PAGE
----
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15
11
Yes No
Debate Score:26
Arguments:17
Total Votes:27
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 Yes (11)
 
 No (6)

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atypican(3843) pic



Is teaching kids about racism a cause of racism?

I had an interesting conversation about racism with my nephew the other day, during which he stated that "I never even thought about racism until they taught us about it in school"

I know from personal experience that there is something to that. I grew up in a multiracial neighborhood and got along with other children who were of a different race just as well and often times better than with other kids who were the same race as me. As far as I could tell we were all blissfully ignorant of it's existence. Unbeknownst to me I was living the dream MLK referred to. I didn't judge others by the color of their skin, but instead by the content of their character.

But guess what? Finding out about racism poisened my attitude. By the time I was a teenager I started having trouble being around people of another race without thinking.."Do they think I am racist?" or "Are they racist against whites?"

Yes

Side Score: 15
VS.

No

Side Score: 11
3 points

Once the idea of racism exists, it's pretty hard to be yourself around people who are of a different race. Not because what you do is wrong, but because it could be misconstrued as racist, and that shit can make someone paranoid (especially an anxiety filled person like me).

If the idea that people hate others because of their race is not known, it's a lot easier for people to just be themselves around other people.

3 years ago | Side: yes
Swryght(158) Disputed
1 point

The challenge however, is that racism exists in us at a deep level, regardless of whether the idea of racism is consciously present as an "idea" in our minds. Cognitive science has demonstrated that our tendency to prefer those who look like us is an innate trait, rather than a learned behavior. It has also demonstrated that racist biases exist in most of us, regardless of our conscious attitudes. Implicit cognition studies have shown that even Whites who believe in the fundamental equality and humanity of all races still exhibit racial biases at an unconscious level. For this reason, it is important to teach children about racism, because ignoring a problem does not render it unproblematic. In this case, ignorance is not bliss.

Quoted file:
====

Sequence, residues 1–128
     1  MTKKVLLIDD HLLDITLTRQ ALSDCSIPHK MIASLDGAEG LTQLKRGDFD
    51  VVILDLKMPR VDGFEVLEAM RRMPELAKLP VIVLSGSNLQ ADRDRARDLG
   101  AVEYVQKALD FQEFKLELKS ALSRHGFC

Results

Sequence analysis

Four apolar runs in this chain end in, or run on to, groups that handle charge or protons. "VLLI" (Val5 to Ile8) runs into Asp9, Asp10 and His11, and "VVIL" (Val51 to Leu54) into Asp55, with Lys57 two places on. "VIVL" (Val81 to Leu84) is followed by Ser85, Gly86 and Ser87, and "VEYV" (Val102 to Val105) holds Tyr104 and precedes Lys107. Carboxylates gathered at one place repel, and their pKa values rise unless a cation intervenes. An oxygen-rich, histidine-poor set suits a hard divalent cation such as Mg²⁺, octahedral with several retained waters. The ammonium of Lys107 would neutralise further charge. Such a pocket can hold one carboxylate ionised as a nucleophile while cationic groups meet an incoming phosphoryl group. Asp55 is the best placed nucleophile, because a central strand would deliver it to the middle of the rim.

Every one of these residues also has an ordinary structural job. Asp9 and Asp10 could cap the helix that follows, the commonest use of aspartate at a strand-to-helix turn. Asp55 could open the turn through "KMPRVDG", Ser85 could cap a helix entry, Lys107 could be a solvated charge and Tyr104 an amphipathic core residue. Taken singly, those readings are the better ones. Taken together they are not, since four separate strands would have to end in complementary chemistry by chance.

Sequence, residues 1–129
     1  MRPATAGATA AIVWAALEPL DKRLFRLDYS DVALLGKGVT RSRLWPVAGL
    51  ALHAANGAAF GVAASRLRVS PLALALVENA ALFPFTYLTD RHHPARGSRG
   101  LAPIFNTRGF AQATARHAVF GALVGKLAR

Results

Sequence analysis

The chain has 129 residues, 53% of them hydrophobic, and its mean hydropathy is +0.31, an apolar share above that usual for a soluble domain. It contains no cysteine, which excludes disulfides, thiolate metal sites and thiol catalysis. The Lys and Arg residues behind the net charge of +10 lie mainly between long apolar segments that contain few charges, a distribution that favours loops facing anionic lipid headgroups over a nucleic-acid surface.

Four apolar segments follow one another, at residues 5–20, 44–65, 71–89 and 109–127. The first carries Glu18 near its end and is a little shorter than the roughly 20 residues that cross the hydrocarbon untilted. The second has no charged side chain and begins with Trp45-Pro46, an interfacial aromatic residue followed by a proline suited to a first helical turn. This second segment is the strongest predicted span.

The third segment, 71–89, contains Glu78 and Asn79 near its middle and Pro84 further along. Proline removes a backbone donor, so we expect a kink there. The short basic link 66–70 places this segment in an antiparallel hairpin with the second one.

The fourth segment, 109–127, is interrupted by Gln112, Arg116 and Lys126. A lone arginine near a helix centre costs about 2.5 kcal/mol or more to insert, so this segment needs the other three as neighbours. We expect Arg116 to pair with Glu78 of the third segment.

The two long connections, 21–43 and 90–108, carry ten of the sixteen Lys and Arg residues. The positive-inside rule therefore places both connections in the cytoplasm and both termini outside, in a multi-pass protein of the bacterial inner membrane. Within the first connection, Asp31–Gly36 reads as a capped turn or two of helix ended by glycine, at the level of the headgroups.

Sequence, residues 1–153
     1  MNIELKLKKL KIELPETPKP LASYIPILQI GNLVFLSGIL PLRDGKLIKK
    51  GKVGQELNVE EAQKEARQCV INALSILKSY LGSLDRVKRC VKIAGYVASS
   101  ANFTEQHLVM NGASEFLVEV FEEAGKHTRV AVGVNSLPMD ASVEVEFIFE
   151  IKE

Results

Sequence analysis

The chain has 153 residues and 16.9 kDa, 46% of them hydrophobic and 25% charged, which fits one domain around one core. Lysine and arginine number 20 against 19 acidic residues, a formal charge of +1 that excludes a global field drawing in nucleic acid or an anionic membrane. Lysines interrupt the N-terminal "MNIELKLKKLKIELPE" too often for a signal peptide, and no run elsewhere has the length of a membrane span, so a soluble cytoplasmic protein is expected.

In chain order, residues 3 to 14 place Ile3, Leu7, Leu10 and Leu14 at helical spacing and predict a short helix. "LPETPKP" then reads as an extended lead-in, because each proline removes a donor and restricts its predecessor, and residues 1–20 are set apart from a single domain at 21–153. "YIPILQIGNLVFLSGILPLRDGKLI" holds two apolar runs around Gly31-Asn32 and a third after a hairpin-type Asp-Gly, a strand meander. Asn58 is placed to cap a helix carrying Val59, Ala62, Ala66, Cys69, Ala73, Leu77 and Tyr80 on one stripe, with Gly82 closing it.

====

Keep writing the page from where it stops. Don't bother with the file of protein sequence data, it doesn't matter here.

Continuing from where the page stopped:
3 years ago | Side: No
Elliott(30) Disputed
1 point

The cause of racism for me was actually being around minorities; I wasn't racist until I actually met enough minorities to come to a conclusion on their general behavior. I watched in horror one day at school and saw a black student stealing fried chicken, this moment really opened my eyes. I began noticing patterns in the way certain groups of people act.

For me black people caused my prejudiced view of black people.

One the other Hand racism is just so hateful, and ignorant, and bad. Golly, I can't for the life of me see why anyone could possibly think certain races are smarter than others; I mean only about 80% percent of black people I know use double negatives and can't conjugate state of being verbs correctly. That's hardly any evidence at all.

2 years ago | Side: No

This is a really, really good question, and I'm so glad you brought it up. I also grew up in a multicultural neighborhood in New York City, and that was at a time where racism was still accepted (1950s). I myself am second generation Italian, and my friends were a mix of Italian, Irish, Black, Jewish, and Latino races and ethnic groups. I was never taught about racism, seeing as I grew up with and, at times, helped support the Civil Rights Movement in the 60s, but I discovered it when I was around 7 or 8 years old. It didn't change my way of acting around my ethnic friends, but it did change my outlook on life and racism in general.